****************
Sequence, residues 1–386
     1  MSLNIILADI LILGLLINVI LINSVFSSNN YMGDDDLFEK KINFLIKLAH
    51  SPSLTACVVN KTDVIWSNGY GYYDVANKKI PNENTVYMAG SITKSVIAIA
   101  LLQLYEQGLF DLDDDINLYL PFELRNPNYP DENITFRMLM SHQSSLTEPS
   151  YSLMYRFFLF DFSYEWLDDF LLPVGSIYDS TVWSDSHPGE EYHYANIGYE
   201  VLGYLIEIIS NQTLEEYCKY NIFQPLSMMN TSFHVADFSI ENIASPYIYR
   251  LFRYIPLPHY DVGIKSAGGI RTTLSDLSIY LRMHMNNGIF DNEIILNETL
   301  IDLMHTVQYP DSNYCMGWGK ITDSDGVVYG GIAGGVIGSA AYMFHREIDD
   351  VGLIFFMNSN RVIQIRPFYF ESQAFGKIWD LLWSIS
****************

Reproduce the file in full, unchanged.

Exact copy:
Sequence, residues 1–386
     1  MSLNIILADI LILGLLINVI LINSVFSSNN YMGDDDLFEK KINFLIKLAH
    51  SPSLTACVVN KTDVIWSNGY GYYDVANKKI PNENTVYMAG SITKSVIAIA
   101  LLQLYEQGLF DLDDDINLYL PFELRNPNYP DENITFRMLM SHQSSLTEPS
   151  YSLMYRFFLF DFSYEWLDDF LLPVGSIYDS TVWSDSHPGE EYHYANIGYE
   201  VLGYLIEIIS NQTLEEYCKY NIFQPLSMMN TSFHVADFSI ENIASPYIYR
   251  LFRYIPLPHY DVGIKSAGGI RTTLSDLSIY LRMHMNNGIF DNEIILNETL
   301  IDLMHTVQYP DSNYCMGWGK ITDSDGVVYG GIAGGVIGSA AYMFHREIDD
   351  VGLIFFMNSN RVIQIRPFYF ESQAFGKIWD LLWSIS